Seeking Safe Haven: U.S. Welfare Reform and the Dynamics of Social and Political Citizenship
Frank D. Bean, University of California, Irvine
Jennifer Van Hook, Bowling Green State University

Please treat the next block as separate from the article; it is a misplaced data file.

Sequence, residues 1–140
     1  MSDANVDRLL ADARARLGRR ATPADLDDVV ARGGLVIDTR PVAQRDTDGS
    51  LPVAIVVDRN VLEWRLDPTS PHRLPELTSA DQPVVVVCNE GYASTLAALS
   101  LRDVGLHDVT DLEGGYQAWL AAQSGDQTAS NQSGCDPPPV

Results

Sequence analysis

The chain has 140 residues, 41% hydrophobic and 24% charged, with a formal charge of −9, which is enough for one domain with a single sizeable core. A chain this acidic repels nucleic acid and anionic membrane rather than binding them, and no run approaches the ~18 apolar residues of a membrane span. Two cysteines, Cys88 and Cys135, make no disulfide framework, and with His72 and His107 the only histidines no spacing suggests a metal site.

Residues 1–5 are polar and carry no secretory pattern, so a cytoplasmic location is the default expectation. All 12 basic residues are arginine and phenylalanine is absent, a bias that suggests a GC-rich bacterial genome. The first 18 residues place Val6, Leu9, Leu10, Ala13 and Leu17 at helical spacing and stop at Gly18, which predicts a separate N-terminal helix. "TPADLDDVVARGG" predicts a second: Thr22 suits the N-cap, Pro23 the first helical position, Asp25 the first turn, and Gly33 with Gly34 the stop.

In 1996, the U.S. Congress passed the “Welfare Reform Act,” legislation that introduced political citizenship as a criterion for receipt of welfare. This research examines implications for naturalization of state differences in the level and degree of access to welfare benefits after Welfare Reform. Instrumental-legal (IL) and institutional-contextual (IC) theoretical perspectives about the nature of citizenship suggest different effects of combinations of benefit levels and access on naturalization. Based on Survey of Program Dynamics (SPD) data for 1988-2002, and as predicted by IC theory, state-level combinations in benefit levels and access most symbolizing high ambiguity about contexts of immigrant reception are more likely to explain levels of and increases in the tendency to naturalize than certain other combinations as predicted by IL theory. This conclusion is buttressed by the finding that increases in welfare receipt by the post-reform period are no greater among post-reform naturalizers than pre-reform naturalizers.